Nicaragua Travel Guide
Nicaragua, despite being the biggest country in Central America, is one of the least visited countries in the region. But those who find their way to "The Land of Lakes and Volcanoes" always leave the country with fond memories. Nicaragua promises beautiful islands, lakes, expansive volcanic terrain, thick and evergreen rainforests, ethereal cloud forests, mangrove swamp, and so on. There are also a couple of colonial cities that are worth exploring.
No matter the time of the year you are visiting Nicaragua, you'll always find something fun to do. It's also affordable to visit Nicaragua, something that will be of great interest to budget travelers. If you are considering visiting Nicaragua, this article is your guide to discovering some of the best destinations to visit as well as other information that is of great value to travelers.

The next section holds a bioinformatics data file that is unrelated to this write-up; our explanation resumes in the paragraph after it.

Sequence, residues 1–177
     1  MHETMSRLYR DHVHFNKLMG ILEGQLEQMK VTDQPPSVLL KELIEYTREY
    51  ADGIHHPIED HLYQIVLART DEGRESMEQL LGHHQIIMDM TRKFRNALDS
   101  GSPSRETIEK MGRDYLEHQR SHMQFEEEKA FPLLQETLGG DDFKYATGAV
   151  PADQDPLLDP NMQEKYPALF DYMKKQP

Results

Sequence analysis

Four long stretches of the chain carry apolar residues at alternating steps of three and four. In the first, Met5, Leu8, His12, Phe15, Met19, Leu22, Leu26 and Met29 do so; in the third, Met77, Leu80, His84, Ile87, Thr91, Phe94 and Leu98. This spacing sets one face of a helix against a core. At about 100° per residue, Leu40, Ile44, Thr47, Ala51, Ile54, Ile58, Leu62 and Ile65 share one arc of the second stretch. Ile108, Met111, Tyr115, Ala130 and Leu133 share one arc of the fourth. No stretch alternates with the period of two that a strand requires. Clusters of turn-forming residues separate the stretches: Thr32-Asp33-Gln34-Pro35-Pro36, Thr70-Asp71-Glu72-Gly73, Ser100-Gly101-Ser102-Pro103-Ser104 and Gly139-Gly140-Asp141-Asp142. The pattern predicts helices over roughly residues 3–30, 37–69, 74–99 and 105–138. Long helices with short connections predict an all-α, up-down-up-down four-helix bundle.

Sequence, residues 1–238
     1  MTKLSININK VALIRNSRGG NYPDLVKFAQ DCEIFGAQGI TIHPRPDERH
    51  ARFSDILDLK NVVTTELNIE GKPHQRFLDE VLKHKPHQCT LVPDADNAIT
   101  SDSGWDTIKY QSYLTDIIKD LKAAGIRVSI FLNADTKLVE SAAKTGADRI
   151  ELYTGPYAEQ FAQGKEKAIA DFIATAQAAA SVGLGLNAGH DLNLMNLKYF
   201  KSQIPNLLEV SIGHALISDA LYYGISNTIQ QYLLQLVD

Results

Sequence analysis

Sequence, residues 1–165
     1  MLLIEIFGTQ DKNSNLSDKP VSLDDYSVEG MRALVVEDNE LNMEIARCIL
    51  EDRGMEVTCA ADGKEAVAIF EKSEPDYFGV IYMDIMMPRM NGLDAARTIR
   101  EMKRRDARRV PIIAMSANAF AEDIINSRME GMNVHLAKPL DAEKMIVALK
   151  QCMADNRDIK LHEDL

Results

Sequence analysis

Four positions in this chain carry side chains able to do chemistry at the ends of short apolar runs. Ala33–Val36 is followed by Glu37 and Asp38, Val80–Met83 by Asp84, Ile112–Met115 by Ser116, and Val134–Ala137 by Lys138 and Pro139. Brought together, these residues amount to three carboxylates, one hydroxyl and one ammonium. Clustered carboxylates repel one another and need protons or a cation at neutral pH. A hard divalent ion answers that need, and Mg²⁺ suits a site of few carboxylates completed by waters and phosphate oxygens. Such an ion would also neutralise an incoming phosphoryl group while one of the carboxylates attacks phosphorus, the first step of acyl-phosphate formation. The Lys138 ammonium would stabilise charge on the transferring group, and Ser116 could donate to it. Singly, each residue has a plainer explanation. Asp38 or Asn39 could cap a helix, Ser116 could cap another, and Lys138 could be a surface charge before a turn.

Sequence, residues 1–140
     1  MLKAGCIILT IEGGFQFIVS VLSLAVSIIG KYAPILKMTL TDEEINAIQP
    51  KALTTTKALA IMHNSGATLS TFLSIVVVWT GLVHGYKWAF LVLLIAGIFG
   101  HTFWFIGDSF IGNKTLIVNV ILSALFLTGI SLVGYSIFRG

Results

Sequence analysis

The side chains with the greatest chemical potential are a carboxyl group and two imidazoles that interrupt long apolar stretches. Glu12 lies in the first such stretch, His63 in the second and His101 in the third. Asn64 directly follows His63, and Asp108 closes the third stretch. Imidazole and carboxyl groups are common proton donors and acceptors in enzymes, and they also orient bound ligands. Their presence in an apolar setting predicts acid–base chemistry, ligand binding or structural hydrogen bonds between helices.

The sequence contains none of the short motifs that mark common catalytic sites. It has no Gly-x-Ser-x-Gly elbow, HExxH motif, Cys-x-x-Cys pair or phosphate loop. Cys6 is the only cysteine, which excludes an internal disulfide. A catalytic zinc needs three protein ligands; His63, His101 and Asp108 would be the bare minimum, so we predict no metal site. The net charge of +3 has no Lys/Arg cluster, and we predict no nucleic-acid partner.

Capital city: Managua
Currency: Nicaraguan Córdoba (NIO). 1 USD = 36.27 NIO.
Electricity: Power voltage is 120V. Power sockets type A and B.
Languages: Spanish is the official language. However, some indigenous language and English are also spoken.
10 Handpicked Highlights of Nicaragua
Ometepe Island (+climbing its 2 volcanoes) on Lake Nicaragua
Lake Nicaragua is quickly becoming one of the top tourist destinations in Central America. It’s the largest lake in all of Central America and has a number of islands, one of which you absolutely must visit. That island is the ometepe island and it offers idyllic beaches, diverse flora and fauna, beautiful rainforests, and archaeological sites. As a bonus, the locals are incredibly friendly.
One of the main attractions of Ometepe is the two majestic volcanoes – Maderas volcano and Concepcion volcano – around it. The latter is active while the former is dormant. A popular activity here involves hiking to the top of the two volcanoes. It’s no easy feat but it’s extremely rewarding. Guides are available for the volcano hikes and it’s recommended you hire one.